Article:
The goals of CodeCheck are:
1 To create a standard which will enable you to provide the customer with a quality product in a timely manner. 2 To promote standardization of software development among programmers. 3 To act as a learning tool for new programmers. 4 To act as a reference tool for all levels of programmers. 5 To promote a team approach among programmers. 6 To help programmers create readable, re-usable and maintainable
software. 7 To help programmers write portable software. 8 To improve programmer productivity.
It's a bad idea to deliver too much information. Also normally the simple comment checking can be ran & fixed by anyone, but the deep control logic must only be done by your most expert programmer, its best to split your rule into standard & advanced.
Normally rule files are broken into the following "families"
// STANDARD - Non expert code modification allowable
1.) environment // verify code is "ANSI" compliant?
|2.) char sets||// legal chars?|
|3.) comments||// header checking|
|4.) identifiers||// hungarian, & other naming|
|5.) types||// correct type checking|
|6.) constants||// legal constant checking|
|7.) declaration & definitions||// consistent decl/defn|
|8.) Initialization||// legal intialization & formatting, ...|
// ADVANCED - Requires careful code modification 9.) operators // mixed operators & complexity 10.) conversion // casting and mixed type's 11.) expression 12.) control flow 13.) function 14.) pre-processing 15.) pointer & array 16.) structure & union [ class / template ] 17.) standard library checking Each rule file should be written for each of the above sections, and then each
family concatenated into std/adv. Most preferable is to check code by family if the total number of rules exceeds 1/2 dozen per family.
Its best to organize rule files by whom is going to analyze the results, normally the most number of errors will be in the most simple areas, e.g. standard rules. The most complex problems are less frequent.
It's best to organize by metrics so you can calculate the weight of all rules by family, and generate the results as CSV or DBF or HTML files. Then you can use a browser or database to view the hot-spots, then apply the rules by family to generate the textual solution to the problems.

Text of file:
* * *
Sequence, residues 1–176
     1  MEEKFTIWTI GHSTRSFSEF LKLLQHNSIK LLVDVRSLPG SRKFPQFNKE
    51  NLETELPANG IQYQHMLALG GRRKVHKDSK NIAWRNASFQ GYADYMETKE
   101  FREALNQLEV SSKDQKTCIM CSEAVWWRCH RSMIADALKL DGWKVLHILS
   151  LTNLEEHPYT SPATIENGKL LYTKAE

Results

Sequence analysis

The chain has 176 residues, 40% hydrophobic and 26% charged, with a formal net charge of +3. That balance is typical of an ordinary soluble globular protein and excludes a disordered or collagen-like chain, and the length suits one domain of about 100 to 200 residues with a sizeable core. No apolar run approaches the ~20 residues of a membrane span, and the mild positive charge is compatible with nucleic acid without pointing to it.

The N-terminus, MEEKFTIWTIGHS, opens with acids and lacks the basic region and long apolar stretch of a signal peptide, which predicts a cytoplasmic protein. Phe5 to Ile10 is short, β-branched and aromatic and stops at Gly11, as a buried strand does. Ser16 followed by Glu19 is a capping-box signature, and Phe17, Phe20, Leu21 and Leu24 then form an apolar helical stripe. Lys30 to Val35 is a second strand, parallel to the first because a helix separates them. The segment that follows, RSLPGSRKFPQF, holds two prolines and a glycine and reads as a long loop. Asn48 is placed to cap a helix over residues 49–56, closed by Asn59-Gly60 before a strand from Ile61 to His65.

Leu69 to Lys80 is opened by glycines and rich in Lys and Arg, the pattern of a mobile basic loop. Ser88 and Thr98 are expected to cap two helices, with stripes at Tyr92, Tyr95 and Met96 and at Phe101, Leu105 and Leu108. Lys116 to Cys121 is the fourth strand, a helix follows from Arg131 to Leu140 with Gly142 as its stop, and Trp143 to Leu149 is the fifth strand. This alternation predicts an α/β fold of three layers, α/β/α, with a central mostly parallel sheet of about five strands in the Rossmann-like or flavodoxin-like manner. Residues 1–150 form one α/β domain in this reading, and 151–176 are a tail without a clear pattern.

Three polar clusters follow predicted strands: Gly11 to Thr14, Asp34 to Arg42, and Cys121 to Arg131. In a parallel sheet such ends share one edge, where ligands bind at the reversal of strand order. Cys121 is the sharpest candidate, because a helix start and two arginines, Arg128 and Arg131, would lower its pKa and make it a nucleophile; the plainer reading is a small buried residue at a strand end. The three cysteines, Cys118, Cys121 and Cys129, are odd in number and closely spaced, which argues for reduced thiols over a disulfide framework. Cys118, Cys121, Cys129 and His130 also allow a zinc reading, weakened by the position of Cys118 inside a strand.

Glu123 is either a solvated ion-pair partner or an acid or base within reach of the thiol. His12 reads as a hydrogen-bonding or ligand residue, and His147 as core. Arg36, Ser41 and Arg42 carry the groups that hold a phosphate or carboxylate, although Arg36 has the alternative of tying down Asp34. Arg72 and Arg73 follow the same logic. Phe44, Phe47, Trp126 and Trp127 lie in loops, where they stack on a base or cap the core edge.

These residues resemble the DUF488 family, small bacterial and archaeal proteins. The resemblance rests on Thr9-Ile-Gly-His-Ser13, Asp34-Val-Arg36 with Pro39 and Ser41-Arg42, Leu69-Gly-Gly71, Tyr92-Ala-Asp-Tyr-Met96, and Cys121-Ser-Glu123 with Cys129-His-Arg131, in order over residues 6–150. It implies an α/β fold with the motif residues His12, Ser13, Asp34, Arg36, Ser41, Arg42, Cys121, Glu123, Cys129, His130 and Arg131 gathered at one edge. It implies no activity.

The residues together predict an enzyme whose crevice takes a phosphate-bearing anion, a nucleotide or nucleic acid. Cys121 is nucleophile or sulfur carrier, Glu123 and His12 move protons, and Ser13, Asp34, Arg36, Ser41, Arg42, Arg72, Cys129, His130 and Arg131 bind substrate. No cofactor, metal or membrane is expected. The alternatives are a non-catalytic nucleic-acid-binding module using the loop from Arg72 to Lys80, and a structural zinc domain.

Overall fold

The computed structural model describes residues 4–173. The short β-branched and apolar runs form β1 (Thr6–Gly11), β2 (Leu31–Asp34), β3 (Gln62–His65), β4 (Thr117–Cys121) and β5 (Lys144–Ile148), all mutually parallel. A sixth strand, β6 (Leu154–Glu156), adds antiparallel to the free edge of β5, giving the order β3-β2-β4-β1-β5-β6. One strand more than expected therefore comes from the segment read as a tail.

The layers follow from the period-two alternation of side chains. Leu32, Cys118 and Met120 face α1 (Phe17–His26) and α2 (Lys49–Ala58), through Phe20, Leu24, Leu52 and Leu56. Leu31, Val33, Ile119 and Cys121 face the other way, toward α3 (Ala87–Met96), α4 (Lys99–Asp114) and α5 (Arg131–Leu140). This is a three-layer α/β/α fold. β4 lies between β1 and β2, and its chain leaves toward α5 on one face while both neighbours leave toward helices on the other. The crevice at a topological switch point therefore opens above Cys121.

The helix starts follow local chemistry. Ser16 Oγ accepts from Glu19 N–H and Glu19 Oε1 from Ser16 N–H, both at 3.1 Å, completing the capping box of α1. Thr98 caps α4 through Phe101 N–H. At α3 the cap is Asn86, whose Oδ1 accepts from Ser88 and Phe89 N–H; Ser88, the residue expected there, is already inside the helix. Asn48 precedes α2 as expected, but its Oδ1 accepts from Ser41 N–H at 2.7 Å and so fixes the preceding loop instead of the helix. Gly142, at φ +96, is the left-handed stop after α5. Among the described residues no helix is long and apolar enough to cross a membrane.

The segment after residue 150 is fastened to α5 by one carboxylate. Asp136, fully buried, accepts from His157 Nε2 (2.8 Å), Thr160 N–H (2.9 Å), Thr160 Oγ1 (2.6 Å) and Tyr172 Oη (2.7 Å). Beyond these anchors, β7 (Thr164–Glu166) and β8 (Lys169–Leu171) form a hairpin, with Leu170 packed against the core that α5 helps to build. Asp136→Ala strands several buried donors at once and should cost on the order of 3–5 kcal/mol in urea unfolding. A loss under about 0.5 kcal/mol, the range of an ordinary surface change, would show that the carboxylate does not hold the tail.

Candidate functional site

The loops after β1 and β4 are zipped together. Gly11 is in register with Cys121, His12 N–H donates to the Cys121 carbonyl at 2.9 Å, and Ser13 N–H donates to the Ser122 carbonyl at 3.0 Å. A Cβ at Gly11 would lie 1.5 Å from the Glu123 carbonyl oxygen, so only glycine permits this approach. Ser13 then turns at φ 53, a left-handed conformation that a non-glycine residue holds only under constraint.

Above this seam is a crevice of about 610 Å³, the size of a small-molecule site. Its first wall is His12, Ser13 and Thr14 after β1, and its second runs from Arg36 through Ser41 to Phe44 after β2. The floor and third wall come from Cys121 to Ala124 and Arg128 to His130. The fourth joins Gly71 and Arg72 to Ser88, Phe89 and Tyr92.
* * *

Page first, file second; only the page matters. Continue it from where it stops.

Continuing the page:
So for the first pass you could have a total rule file that generated a database enumerating all errors by module, author, error-number, line-number. Then analyze the results to determine where the effort should go, and apply the rules that help solve each problem.
CodeCheck is capable of producing most common metric algorithms which are most useful for finding 'hotspots' in projects, and or modules. Lastly quantifying programmers by product complexity and/or problem generation.
** Standard Approach
CodeCheck-ing requires different approaches. 1.) repairing old code
a.) study the old code by family 2.) keeping new code clean
a.) have programmers run rules on their code daily to prevent the errors 3.) help management understand both of the above
a.) management can have HTML or database data generated showing where the problems are.
When looking at the #include problems you need to use the 'project' approach, like make-files you need to look at everything. Anytime your looking at 'global' data you apply the project mode of CodeCheck. All other stuff is module based, you don't need to run by project.
Basically you need to break things down into three parts,
1.) Use database analysis of all rules on entire project to generate visual data on entire problem. Then decide plan of attack.
2.) Have programmers run family rule file on each module and fix problems in order of easiest to hardest.
3.) Have developers apply rules files daily for code enhancement & QA controls.
* Development/Test Procedurecheck file.c // make sure your code is compilable check -rrule.cc // compile your rule file / develop - this generates
rule.cco check -rrule.cc file.c // test your rule file on real code check -rrule.cco file.c // turn your rule file over to production/QA - they
don't need the source for the rule file .CCO file is an object file just like a .obj file, CodeCheck doesn't use the .CC file when it runs on CODE, it uses the .CCO
file, which is a OBJ-TREE.
If anything is not clear, if anything you can think of is not available, please contact firstname.lastname@example.org and we'll send you what you need.